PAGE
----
Triangles and speech bubbles

When I started using CSS3 I quickly realized how easy it was to make a circle.

div {
width: 30px;
height: 30px;
background-color: blue;
border-radius: 50%;
}

This made me think of new ways to incorporate html elements as design features instead of using images, which has the benefit of being faster to load. However, one basic shape seemed hard to achieve and that was the triangle. In truth, there is no way to make a triangle with only html and css. You can make a rectangle look like a triangle , but you have to cover up more than half of it with another object.

#div1 {
height: 10px;
width: 10px;
background-color: blue;
transform: translate(10px,5px) rotate(45deg);
z-index: 2;
position: relative;
}

#div2 {
height: 30px;
width: 30px;
background-color: lightgrey;
z-index: 3;
position: relative;
}

You can make pretty much any triangle this way, picking an appropriate rectangle to start from and then transform it and hide the part you don’t want.

div {
height: 15px;
width: 20px;
background-color: blue;
transform: translate(2px, 17px) skew(-10deg, 60deg);
}

You can make some decent speech bubbles this way.

Rawr!

 div {
height: 15px;
width: 15px;
background-color: blue;
transform: translate(50px, 35px) skew(0deg, 60deg) rotate(-15deg);
}

Unfortunately skew() makes box-shadow go haywire (atleast in some browsers).

Rawr!

 

But you can get away with not having a shadow on the speech bubble arrow in most cases.

Rawr!

 

Another way to hide the unwanted part of the rectangle is to use overflow: hidden. This means we can make a pie chart.

a
 a
a
a
How it’s supposed to look:pie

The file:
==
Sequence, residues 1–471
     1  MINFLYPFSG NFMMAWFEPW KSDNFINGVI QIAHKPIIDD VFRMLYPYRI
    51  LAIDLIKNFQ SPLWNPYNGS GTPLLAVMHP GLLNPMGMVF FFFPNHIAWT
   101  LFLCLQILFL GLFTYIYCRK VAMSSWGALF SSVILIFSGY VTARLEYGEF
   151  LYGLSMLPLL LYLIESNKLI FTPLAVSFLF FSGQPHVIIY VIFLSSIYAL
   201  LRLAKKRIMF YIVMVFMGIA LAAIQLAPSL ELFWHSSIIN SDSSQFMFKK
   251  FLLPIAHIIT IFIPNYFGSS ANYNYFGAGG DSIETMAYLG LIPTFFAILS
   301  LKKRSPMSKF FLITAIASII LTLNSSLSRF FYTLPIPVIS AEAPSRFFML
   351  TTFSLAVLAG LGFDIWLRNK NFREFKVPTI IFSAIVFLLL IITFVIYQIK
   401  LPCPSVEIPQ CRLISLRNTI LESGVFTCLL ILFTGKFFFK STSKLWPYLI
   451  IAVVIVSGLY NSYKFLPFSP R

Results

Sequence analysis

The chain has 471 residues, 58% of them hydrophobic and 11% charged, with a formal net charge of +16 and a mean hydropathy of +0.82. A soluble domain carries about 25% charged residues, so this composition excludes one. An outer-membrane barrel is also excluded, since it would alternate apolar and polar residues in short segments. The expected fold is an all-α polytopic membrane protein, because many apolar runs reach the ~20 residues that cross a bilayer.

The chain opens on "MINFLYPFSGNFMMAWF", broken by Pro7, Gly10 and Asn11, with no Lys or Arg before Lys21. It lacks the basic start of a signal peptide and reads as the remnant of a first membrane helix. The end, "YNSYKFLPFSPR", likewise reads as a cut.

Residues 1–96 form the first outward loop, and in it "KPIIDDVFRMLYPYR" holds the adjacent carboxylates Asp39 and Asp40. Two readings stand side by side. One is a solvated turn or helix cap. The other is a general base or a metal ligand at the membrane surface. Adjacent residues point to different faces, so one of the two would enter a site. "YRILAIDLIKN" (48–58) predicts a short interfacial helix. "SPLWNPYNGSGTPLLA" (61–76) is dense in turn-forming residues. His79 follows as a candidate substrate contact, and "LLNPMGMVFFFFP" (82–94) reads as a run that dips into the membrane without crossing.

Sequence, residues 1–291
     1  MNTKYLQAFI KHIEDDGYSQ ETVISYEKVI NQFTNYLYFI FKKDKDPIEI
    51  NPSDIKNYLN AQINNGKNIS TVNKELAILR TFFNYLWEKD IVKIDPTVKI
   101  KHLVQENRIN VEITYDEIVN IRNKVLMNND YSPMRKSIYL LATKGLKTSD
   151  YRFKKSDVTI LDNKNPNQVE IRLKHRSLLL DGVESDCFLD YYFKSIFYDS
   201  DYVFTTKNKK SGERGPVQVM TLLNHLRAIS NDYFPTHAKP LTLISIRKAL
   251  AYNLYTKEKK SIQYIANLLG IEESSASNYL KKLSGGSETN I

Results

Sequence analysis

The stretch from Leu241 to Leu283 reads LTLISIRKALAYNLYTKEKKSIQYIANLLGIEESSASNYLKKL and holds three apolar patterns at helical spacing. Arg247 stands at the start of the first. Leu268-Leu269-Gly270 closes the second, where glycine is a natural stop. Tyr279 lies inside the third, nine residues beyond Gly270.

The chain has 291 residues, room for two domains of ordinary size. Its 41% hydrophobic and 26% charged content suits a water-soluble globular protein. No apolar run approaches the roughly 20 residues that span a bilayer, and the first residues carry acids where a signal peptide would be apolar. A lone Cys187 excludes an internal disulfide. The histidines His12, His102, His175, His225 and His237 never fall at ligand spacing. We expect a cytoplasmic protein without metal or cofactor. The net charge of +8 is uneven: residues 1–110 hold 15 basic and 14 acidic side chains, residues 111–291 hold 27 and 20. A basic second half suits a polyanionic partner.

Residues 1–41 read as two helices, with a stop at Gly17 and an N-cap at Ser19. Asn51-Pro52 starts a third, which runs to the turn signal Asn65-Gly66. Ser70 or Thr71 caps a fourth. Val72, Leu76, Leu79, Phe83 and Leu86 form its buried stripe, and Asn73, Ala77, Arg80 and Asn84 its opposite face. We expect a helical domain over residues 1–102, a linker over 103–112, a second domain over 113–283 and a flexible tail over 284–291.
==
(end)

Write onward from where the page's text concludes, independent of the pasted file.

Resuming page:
#bounding-circle {
width: 50px;
height: 50px;
position: relative;
background-color: lightgrey;
border-radius: 50%;
overflow: hidden;
box-shadow: 1px 1px 3px rgba(0,0,0,0.5);
}

#blue {
width: 25px;
height: 25px;
background-color: blue;
transform: translate(25px, -23px) skew(0, -63deg);
}

#yellow {
width: 50px;
height: 50px;
background-color: yellow;
position: absolute;
bottom: 0; right: 0;
transform: translate(25px,69px) skew(0, 60deg);
}

#red {
width: 50px;
height: 50px;
background-color: red;
position: absolute;
right: 0; top: 0;
transform: translate(24px,0) rotate(45deg) skew(20deg, 20deg);
}

#green {
width: 25px;
height: 25px;
background-color: green;
position: absolute;
left: 0: bottom: 0;
}

I’ve omitted vendor-specific CSS for clarity in my examples.

Keep in mind that browsers that do not support CSS3 will have a not-so-graceful look. You can use position: absolute to position your triangle-element under the cover element to begin with to make the fallback more graceful. Since the z-index property requires positioned elements to work, this is probably the way to do it.